California lawmakers have released a proposal to improve the state’s preparedness and response to wildfires — and to soften the financial cost of those fires on electric utilities.
Assembly and Senate members have spent the past month searching for a compromise agreement that would protect utilities — who argue liability costs could drive them to bankruptcy — and mitigate future wildfire threats, as the length and severity of fire seasons increases.
The outline of bipartisan legislation released on Friday calls for utilities to prepare detailed fire-safety plans for their equipment, while directing the state public utilities commission to consider how much of a wildfire caused by utility equipment was out of the company’s control.
The commission could allow utilities to pass those costs along to ratepayers.
The legislation would also allow utilities to pay off the costs of fires over multiple years as bonds, funded by ratepayer fees. But it would bar company executives from receiving compensation from wildfire fees.
“There are going to be impacts to ratepayers. There is just no other way around it, and we need to be honest about that,” said Assembly Republican leader Brian Dahle. “But we are going to make sure that the investors have a heck of a lot of skin in the game. … But at the same time, we need to make sure that they’re still in business.”
The plan does not address court liability for fires under a mechanism known as “inverse condemnation,” where utilities can be held accountable for fires started by their equipment, regardless of whether they were negligent or diligent in its care.
The International Brotherhood of Electrical Workers, the union that represents utility employees, argued that without addressing that component or the cost of last year’s wildfires, the legislation would still leave the companies exposed, potentially ruinously.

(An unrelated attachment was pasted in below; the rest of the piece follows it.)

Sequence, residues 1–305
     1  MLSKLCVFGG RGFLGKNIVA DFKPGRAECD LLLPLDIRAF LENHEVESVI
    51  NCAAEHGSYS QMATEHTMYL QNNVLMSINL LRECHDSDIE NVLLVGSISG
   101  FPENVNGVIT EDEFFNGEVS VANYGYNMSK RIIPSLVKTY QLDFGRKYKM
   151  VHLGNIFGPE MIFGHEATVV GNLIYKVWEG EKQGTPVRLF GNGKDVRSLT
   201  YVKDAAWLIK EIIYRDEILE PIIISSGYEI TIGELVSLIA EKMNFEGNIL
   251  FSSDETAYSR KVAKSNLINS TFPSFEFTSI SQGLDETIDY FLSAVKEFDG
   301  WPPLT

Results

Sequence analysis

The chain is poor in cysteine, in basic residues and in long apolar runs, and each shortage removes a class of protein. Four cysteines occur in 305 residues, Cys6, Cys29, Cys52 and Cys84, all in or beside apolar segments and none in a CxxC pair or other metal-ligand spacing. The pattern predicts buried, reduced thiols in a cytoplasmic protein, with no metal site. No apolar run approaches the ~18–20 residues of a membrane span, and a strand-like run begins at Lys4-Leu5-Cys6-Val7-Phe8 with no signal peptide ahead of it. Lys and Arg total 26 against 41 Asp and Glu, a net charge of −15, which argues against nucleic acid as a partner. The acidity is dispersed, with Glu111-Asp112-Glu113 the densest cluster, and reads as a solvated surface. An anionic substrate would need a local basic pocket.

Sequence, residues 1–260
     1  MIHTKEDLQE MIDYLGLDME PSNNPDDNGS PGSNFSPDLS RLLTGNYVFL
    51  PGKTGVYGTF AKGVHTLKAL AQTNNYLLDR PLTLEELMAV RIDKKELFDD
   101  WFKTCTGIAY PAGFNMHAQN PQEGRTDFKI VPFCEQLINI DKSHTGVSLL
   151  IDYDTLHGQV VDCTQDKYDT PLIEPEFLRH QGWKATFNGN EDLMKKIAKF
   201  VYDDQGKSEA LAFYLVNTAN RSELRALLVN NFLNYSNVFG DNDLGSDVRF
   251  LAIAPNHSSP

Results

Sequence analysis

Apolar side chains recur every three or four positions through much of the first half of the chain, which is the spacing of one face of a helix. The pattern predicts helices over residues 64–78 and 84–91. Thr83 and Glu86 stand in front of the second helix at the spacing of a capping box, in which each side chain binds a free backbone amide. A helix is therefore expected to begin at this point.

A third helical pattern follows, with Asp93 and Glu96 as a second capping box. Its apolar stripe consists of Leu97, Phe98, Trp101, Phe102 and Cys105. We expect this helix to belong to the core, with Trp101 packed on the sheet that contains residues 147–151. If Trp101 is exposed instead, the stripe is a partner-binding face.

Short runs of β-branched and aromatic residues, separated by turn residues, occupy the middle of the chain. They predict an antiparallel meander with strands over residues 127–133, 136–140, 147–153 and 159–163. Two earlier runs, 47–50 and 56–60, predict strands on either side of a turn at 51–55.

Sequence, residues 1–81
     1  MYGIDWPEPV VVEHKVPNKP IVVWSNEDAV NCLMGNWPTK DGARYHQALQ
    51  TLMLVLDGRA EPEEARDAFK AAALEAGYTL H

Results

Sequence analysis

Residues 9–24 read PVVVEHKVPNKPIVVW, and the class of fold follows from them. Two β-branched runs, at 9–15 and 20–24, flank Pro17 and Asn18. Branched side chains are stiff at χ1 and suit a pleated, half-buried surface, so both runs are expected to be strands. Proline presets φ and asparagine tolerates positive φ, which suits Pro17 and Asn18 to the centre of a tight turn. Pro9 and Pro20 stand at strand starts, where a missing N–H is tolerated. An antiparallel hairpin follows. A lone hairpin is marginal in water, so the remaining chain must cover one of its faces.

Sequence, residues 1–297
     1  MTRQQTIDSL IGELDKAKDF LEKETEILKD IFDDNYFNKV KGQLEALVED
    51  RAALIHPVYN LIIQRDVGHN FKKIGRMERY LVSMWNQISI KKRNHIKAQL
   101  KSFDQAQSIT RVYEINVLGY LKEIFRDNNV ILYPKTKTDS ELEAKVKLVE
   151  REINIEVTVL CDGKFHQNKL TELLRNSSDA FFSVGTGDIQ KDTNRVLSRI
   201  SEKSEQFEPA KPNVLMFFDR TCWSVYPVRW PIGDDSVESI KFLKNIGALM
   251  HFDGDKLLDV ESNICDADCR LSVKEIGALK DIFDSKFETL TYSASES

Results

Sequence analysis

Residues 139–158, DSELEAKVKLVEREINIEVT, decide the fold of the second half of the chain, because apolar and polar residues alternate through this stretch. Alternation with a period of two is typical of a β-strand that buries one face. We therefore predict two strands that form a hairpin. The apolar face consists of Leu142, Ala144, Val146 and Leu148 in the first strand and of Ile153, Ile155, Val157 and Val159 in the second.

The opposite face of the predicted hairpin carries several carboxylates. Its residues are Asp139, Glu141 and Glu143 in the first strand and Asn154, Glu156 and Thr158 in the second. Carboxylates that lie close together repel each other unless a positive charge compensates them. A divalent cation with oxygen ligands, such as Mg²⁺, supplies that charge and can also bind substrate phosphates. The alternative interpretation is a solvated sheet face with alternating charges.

“If this conference report comes out next week and doesn’t address the 2017 issue, you are going to see, very likely, a downgrading of PG&E to junk bond status,” said Scott Wetch, the lobbyist for IBEW. “That’s going to cause a liquidity issue almost immediately and put pressure toward bankruptcy.”
Ratepayer advocates pushed back, saying the outlined protections for utilities still unduly shift costs onto customers. They used the word “bailout.”
“Any provision that makes ratepayers the insurance of last resort, while PG&E shareholders pay nothing and reap the financial benefits, needs to be rejected by the Legislature,” wrote Becky Warren of the Ratepayer Protection Network, which primarily represents large agricultural interests.
Other sections of the bill would seek to shift more resources to firefighters. While the outline contains no dollar amounts, it proposes extending a bump in fire prevention and management spending this year over multiple years. The money, more than $200 million, came from the state cap-and-trade program. Lawmakers would also expand fire agencies’ ability borrow resources from other regions, which is called mutual aid.
Conference committee staff still must draft specific bill language, which which lawmakers warned could shift their support, depending on the details.
The Legislature adjourns at the end of the month, putting increased pressure, and a tight deadline, on lawmakers to come to an agreement.
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